LR: Communications 2.0 makes the 1st amendment almost quaint. The vast majority of speech that we exchange happens online. When it is hosted by private companies, the 1st amendment doesn’t constrain it. So this is a space governed by norms and individual choices of people like Matthew. In the wake of Cloudflare's decision to take down the Daily Stormer, Matthew penned a piece saying it’s scary that we have this power, and I exercised it. We have a completely unaccountable private medium of communication.

MP: There are shields for companies for this; What is intermediary liability and why is this a position at Google/Stanford?

DK: No one knows what it means; it’s a set of laws that tell platforms when they have to take down Continue reading

Betting on Blockchain

Juan Benet, Founder, Protocol Labs, and Jill Carlson, GM, Tezos Foundation

Moderator: Jen Taylor, Head of Product, Cloudflare

Photo by Cloudflare Staff

JT: Tell us about what BlockChain is

JC: Going back to 2008, advent of blockchain came with bitcoin white paper.

The word Blockchain wasn’t mentioned at that point, but that was the advent of this tech.

What it solved was niche problem called double spend problem. Creation of digital cash.

What you see in a bank account isn’t digital cash. The problem in cryptography was how to create digital cash that doesn't rely on 3rd party intermediary. This is what Bitcoin created.

JB: Blockchain packs in lots of stuff: useful as brand. Like internet/web in early 90s, the meaning is fuzzy.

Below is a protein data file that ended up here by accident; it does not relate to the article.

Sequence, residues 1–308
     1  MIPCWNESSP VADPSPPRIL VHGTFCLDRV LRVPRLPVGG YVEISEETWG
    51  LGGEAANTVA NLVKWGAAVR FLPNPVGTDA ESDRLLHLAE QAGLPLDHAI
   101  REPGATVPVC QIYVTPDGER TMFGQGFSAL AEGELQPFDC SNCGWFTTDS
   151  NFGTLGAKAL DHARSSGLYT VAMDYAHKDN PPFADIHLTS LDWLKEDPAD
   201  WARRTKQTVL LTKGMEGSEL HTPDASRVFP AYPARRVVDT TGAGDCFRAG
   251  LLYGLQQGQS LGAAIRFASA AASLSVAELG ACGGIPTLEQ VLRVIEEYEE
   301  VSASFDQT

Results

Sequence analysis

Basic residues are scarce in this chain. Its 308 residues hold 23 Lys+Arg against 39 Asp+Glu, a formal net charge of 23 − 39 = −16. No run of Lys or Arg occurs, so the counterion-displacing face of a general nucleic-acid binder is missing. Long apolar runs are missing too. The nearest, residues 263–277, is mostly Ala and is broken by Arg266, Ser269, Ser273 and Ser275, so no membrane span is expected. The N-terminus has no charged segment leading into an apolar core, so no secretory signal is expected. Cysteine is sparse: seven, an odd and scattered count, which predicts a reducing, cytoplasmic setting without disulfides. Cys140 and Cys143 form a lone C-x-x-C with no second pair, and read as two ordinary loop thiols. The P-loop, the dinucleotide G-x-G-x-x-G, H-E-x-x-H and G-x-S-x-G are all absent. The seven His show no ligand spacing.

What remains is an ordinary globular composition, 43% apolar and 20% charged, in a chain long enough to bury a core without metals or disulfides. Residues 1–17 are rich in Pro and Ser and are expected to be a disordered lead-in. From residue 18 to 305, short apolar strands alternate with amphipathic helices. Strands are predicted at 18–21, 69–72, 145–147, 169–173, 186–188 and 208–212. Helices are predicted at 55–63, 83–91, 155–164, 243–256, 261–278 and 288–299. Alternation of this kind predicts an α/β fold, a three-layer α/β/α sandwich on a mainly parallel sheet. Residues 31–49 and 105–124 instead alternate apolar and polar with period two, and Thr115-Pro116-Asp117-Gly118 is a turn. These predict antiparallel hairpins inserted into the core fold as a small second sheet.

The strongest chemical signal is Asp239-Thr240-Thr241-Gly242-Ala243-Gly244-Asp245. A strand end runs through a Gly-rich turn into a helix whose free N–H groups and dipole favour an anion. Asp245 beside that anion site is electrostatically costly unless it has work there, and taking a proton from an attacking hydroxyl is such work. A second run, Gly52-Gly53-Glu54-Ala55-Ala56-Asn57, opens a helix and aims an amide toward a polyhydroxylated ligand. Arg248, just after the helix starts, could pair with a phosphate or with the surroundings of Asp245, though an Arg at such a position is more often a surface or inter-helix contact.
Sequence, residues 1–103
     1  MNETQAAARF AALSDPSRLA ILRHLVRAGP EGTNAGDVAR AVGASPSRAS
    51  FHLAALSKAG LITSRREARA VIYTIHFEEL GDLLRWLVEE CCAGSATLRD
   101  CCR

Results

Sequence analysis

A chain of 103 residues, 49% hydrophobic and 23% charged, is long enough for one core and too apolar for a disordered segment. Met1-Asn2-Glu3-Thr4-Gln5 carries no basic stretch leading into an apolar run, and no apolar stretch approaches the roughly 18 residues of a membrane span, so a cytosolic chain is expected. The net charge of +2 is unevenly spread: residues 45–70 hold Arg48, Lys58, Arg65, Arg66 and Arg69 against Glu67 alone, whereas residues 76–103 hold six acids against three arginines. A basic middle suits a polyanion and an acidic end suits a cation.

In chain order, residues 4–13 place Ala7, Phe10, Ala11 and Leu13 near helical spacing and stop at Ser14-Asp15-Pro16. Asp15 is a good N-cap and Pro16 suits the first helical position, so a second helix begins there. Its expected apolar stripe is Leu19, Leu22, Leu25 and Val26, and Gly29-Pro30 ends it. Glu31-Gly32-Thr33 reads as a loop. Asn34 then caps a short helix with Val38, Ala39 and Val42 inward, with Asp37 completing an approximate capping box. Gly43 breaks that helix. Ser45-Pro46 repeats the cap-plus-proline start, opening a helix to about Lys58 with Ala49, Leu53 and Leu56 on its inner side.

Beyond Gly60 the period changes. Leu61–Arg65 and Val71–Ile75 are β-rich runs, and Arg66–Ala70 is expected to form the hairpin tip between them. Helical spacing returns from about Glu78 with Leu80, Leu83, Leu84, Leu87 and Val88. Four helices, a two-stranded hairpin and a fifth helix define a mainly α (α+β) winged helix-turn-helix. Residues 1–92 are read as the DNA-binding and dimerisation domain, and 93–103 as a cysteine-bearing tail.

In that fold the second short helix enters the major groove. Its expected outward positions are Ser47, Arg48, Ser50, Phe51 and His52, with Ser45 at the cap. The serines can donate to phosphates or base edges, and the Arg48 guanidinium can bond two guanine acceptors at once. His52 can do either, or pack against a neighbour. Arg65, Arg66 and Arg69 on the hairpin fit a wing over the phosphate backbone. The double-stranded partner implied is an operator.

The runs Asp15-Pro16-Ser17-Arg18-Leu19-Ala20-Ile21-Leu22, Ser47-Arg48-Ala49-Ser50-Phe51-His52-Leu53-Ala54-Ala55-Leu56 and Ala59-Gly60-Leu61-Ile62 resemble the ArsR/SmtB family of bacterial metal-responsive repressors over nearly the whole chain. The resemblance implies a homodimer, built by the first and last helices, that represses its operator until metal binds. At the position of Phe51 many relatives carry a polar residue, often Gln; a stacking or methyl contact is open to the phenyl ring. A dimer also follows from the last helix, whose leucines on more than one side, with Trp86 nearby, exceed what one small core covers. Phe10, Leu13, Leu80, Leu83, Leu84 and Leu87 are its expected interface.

Properties that all of these apps have in common:

Academic definition: A blockchain is an indelible chain of blocks; once you insert information into one of them it remains.

Marketing definition: many applications have been developed over last few years, all have to do with public verifiability. Reliance on cryptographic methods to achieve goals on clearing payments and the ability to check and verify.

Across the board, removing 3rd parties from equation. Establishing publicly verifiable Continue reading

The New Breed of Patent Trolls

Lee Cheng, President & Co-CLO, Symmetry IP LLC, and Vera Ranieri, Staff Attorney, Electronic Frontier Foundation

Moderator: Doug Kramer, General Counsel, Cloudflare

Photo by Cloudflare Staff

DK: Patent--IP issues and challenges are accelerating important supreme court cases. there’s also a flurry of legislative activity about patents. Good idea to talk about this topic: where is this going? How to push world in virtuous direction?

DK: current state of affairs. Vera: at the core is the patent itself, which is issued by and often adjudged by the patent office… is this where the problem lies?

VR: I like to blame everyone. How does someone get a patent in the first place? Someone comes up with an invention, patent attorney, documents it with opaque language, and files. The examiner then interprets the patent and searches for prior art, and says “I think this is what the patent owner is trying to claim.”

In the software space, it’s especially difficult. A lot of where inventing happens in software is right here, in businesses. People have a problem and find a solution by developing software. They don’t patent and publish.

Patent office tends to focus on patents.

DK: Talk about the Continue reading

If I Knew Then What I Know Now: Tales from the Early Internet

Paul Mockapetris, Inventor, DNS, and David Conrad, CTO, ICANN

Moderator: Matthew Prince, Co-Founder & CEO, Cloudflare

Photo by Cloudflare Staff

MP: You guys wrote all this stuff; why is the internet so broken?

PM: People complain about security flaws, but there is no security in original design of dns. I think of it that we haven’t had the right investment in rebuilding the infrastructure.

Original stuff was only good for 10 years, but we’ve been using it for 30.

DC: The fact that we were able to get Packard from one machine to another in the early days was astonishing in itself.

MP: So what are you worried about in terms of Internet infrastructure that we aren’t even thinking about?